In celebration of the 100th issue of Academic Questions, the National Association of Scholars published “One Hundred Great Ideas for Higher Education” — 100 ideas by 100 individuals who are passionate about change in higher ed.
Most of us have mused about positive (e.g. increasing rigor, reducing fluff) and negative (e.g. cutting off all federal student aid) solutions to higher ed’s problems that we would like to see implemented ASAP. I wish I could wave a wand and have all employers eliminate the college degree as a job requirement in favor of employment tests. But, as much as some may want to see schools shut down and turned into vacation communities, such scorched-earth pipe dreams are not part of this list. The 100 ideas consist of positive, achievable proposals.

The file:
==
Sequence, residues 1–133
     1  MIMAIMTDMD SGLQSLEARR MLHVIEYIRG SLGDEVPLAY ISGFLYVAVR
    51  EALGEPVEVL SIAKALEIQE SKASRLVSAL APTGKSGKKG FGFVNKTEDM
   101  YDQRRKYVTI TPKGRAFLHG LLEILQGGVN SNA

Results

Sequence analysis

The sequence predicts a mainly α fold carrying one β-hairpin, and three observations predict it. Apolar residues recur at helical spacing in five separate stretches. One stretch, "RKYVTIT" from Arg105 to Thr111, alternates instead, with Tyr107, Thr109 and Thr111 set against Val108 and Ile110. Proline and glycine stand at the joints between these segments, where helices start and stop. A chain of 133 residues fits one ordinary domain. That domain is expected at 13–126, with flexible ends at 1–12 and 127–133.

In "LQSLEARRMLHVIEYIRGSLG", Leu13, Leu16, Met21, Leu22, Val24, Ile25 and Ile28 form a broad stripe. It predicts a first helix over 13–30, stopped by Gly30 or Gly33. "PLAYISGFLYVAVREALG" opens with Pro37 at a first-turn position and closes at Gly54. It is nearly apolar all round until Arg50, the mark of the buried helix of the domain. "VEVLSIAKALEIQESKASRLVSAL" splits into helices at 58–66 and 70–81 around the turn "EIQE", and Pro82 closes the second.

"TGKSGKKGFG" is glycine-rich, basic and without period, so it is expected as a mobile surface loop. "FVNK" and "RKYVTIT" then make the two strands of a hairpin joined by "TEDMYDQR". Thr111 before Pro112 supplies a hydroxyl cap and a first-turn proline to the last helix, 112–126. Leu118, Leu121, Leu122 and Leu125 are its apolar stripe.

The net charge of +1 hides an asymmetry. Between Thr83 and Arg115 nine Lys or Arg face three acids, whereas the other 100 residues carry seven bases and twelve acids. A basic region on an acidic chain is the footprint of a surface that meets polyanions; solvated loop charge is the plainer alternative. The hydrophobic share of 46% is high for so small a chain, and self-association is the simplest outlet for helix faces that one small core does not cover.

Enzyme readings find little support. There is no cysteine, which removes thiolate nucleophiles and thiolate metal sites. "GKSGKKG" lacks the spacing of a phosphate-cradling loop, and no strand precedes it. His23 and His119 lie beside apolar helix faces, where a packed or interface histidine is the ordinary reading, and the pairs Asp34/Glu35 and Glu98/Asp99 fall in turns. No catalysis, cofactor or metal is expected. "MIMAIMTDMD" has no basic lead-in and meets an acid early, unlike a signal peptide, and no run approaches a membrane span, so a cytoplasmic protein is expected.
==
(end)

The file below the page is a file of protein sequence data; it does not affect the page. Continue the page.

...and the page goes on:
Readers won’t agree with everything, but the sheer volume of the list and the pedigrees of the contributors (I’m on there, but I’m happy if I’m the 100th most accomplished on that list) shows the energy built up for reforms.
Now we just need to release that energy in the proper direction.